"We see voices being silenced on Twitter every day", Dorsey wrote. "To stand with the victims of sexual assault, online threats and abuse".
CEO Jack Dorsey has promised that his company will take a "more aggressive stance" in enforcing its rules, pledging to roll out significant changes in the coming weeks as a way to fix Twitter's harassment, propaganda, and abuse problems.
Twitter censored McGowan's account for a number of hours last week, and then claimed that it was because she broke its rules by sending out a telephone number.
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"We made a decision to take a more aggressive stance in our rules and how we enforce them", he wrote.
The company's swift response is a culmination of years of critique that it doesn't do enough to protect users from targeted harassment, including racism, hateful language, and doxxing. She has become an outspoken detractor of Weinstein, the center of numerous allegations of rape, sexual harassment, and decades-long records of sexual abuse. "We've been working to counteract this for the past two years".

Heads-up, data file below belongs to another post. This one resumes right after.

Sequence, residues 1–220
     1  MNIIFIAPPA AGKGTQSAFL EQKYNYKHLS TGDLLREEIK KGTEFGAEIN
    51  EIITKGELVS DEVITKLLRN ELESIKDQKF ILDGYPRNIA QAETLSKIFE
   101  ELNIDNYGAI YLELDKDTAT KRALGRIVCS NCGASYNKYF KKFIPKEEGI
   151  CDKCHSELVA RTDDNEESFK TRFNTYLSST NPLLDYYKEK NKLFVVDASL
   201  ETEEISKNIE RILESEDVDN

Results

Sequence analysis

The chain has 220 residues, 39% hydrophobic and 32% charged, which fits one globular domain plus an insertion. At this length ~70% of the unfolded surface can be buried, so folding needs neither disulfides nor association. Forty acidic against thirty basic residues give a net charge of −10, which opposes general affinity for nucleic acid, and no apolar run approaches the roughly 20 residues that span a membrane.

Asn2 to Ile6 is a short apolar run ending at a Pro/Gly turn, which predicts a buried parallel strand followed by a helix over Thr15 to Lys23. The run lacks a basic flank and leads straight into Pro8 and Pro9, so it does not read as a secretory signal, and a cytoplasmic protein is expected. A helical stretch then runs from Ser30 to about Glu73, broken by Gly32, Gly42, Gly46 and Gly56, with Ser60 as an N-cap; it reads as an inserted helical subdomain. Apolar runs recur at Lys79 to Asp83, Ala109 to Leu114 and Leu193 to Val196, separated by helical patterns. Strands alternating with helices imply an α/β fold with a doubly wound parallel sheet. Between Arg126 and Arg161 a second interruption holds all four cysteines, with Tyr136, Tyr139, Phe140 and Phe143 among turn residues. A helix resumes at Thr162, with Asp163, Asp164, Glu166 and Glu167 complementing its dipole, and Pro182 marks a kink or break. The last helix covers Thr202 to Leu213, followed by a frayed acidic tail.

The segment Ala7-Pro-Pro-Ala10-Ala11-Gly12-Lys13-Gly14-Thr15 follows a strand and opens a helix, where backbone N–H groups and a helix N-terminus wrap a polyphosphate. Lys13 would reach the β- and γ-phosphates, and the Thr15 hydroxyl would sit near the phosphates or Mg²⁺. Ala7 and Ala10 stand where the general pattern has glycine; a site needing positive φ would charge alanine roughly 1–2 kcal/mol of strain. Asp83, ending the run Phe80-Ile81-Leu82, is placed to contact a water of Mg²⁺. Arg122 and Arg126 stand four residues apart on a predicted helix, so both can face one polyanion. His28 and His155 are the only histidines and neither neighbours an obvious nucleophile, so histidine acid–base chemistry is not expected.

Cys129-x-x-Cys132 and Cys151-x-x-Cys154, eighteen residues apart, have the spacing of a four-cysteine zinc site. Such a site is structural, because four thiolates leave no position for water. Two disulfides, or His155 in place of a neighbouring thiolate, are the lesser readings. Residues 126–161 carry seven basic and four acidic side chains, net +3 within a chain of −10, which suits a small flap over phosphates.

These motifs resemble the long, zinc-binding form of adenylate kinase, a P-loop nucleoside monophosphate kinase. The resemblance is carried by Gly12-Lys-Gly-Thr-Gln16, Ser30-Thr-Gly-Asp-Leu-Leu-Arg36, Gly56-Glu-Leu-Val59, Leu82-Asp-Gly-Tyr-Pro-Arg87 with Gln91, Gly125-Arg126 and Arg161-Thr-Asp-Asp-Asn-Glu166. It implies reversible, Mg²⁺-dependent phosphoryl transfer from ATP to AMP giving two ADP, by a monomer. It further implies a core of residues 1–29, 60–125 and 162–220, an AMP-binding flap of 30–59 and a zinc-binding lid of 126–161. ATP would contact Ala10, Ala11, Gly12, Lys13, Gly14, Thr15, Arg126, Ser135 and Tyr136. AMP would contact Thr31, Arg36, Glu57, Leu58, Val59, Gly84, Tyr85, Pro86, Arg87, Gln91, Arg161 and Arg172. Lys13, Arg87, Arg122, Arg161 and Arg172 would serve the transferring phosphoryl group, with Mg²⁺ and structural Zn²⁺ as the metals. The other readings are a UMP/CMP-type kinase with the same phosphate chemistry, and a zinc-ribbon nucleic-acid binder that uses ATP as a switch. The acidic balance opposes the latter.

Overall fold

Dorsey, now in his second stint as chief executive - he was sacked in a management dispute nine years ago, then returned to power in 2015 - insisted Friday that Twitter was striving for the proper balance between free expression and license to abuse. In a stream of tweets, he acknowledges some element of wrongdoing and notes the recent protests and boycotts of the social media platform."Today we saw voices silencing themselves and voices speaking out because we're *still* not doing enough".
In 2017, he declared - without specifics - that "we made it our top priority and made a lot of progress".